Both multiculturalism and melting pot are terms that relate to the subject of diversity in society. These are two different outlooks on cultural diversity. The main difference between multiculturalism and melting pot theories is whether separate cultural groups should be encouraged or whether a country should have one basic cultural norm.
The concept of diversity as a melting pot with people more or less adhering to one cultural norm is said to have preceded the idea of multiple cultures within societies. The main idea of a melting pot is that all of the people in a society would blend together to form one basic cultural norm based on the dominant culture. Critics of this view often suggest that this thinking creates intolerance for cultural differences and favors only the status quo, or dominant culture. Italian political scientist, Giovanni Sartori, disagrees with this criticism. Sartori stresses that many different cultural identities in one country leads to separation and ghettoes.
American historian Francis Fukuyama disagrees with Sartori. According to Fukuyama, society should consist of many different types of social and cultural lifestyles. He sees this multiculturalism as positive for society while Sartoris sees it as negative. Neither multiculturalism nor a melting pot model of diversity is perfect and the effects of the model chosen by a country also depend on legislation or lack thereof.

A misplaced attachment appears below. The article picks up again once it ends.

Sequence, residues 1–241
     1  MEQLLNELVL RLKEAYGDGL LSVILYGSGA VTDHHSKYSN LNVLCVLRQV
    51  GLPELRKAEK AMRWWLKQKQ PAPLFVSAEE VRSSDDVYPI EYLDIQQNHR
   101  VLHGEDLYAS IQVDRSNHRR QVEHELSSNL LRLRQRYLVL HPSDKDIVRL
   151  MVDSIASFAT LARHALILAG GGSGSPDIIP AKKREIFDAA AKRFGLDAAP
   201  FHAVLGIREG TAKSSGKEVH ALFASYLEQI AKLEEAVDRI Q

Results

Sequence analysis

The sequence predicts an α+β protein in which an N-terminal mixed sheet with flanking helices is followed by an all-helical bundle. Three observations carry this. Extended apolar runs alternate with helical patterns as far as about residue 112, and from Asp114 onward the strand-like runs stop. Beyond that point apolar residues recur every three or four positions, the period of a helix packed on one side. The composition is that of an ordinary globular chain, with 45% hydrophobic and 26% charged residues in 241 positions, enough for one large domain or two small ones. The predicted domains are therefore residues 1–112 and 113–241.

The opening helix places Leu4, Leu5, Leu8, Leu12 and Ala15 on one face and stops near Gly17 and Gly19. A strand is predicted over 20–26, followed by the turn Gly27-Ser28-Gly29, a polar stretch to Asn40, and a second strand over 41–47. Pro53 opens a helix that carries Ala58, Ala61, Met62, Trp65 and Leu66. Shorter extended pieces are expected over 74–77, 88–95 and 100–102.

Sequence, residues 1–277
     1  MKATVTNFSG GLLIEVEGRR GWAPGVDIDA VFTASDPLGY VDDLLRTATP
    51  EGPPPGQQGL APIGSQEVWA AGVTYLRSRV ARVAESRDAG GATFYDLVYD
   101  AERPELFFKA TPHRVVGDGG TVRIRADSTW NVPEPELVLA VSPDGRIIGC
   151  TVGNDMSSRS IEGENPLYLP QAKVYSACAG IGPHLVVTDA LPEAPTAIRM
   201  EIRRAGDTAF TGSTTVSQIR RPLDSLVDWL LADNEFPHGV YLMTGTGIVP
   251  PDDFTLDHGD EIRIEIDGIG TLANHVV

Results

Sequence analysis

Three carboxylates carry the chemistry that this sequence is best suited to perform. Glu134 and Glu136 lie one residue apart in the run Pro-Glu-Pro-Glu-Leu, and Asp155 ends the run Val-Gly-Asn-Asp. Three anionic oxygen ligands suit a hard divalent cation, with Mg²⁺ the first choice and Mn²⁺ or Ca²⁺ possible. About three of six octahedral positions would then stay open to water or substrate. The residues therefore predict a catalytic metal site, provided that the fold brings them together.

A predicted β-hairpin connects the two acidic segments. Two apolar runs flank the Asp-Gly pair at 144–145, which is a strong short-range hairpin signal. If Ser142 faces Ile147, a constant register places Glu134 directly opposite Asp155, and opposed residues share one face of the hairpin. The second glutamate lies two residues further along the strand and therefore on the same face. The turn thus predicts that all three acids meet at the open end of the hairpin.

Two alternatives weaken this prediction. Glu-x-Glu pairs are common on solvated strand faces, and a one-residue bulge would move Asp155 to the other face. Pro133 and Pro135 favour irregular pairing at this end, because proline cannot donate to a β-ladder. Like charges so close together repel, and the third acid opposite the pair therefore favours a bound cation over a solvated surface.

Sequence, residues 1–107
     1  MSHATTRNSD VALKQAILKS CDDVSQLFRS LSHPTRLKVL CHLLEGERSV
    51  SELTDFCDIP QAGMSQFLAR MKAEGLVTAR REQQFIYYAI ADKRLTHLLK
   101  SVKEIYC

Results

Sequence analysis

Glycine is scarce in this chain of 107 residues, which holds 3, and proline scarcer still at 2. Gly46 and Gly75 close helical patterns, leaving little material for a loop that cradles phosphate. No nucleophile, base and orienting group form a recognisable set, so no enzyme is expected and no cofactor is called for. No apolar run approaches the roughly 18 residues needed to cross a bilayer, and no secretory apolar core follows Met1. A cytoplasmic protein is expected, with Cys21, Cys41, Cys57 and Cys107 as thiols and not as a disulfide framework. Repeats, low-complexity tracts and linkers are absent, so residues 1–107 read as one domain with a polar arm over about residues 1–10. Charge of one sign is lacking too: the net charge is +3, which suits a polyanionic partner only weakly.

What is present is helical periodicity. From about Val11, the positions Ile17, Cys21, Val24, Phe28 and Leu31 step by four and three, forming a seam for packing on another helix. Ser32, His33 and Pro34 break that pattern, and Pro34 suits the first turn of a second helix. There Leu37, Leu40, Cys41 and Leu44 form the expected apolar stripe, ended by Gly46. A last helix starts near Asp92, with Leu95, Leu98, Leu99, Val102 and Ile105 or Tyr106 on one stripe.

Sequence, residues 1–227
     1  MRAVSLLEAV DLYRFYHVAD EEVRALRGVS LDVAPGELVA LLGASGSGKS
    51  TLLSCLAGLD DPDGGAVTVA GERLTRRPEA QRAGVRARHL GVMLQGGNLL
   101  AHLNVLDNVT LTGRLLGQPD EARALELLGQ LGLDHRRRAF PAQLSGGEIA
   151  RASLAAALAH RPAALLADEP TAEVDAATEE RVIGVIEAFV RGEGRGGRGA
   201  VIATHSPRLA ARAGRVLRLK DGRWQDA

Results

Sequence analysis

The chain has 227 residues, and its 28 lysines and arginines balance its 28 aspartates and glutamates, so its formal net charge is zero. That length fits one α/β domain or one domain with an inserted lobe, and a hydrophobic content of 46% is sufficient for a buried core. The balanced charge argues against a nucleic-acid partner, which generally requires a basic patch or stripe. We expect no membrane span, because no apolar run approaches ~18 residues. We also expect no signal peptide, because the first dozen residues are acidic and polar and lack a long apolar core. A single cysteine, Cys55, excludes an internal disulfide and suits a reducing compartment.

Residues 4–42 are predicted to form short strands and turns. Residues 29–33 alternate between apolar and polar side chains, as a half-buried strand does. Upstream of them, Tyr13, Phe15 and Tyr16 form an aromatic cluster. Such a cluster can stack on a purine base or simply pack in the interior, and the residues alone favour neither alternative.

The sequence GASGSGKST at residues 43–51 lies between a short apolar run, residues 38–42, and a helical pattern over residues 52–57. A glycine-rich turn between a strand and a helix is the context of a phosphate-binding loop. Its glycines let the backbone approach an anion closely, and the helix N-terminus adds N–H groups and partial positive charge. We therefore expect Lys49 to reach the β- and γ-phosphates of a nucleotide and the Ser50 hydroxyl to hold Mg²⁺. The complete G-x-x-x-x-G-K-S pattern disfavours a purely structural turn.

For example, is a person allowed to wear traditional clothing rather than a uniform at a job that requires its workers to wear one standard uniform? If the traditional dress is allowed in the spirit of multiculturalism, those that agree with Sartori would probably say that this would cause friction and set the person apart even more from his or her peers. Those that agree with Fukuyama, on the other hand, are likely to say that if the cultural dress is not allowed, the person would feel forced to assimilate, or go along with the beliefs and traditions of the dominant culture and not feel fully like himself or herself.
Some Western countries such as the United States had more of a melting pot mentality about diversity before changing to a more multicultural policy by the 1980s. Many factors lead to changes in decisions about whether to back the melting pot approach or the multicultural aspect. Tensions between dominant and other cultures and questions about what constitutes equality are common motivators to rethink a society’s position on cultural diversity.